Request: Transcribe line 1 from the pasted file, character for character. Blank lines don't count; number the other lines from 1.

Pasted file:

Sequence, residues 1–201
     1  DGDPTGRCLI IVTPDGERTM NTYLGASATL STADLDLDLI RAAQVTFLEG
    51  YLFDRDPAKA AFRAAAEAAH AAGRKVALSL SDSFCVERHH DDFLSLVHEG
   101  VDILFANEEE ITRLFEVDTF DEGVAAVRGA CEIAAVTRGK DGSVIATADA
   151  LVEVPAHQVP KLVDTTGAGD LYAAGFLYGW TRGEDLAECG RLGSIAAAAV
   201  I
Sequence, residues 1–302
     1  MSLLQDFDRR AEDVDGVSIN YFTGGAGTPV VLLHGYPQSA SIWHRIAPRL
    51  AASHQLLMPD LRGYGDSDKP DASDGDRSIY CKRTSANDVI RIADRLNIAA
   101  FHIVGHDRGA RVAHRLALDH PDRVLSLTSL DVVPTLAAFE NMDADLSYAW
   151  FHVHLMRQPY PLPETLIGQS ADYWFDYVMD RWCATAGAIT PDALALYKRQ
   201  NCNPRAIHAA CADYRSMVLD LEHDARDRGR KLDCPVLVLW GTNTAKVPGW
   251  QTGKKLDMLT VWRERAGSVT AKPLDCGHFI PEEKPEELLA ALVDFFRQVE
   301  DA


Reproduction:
Sequence, residues 1–201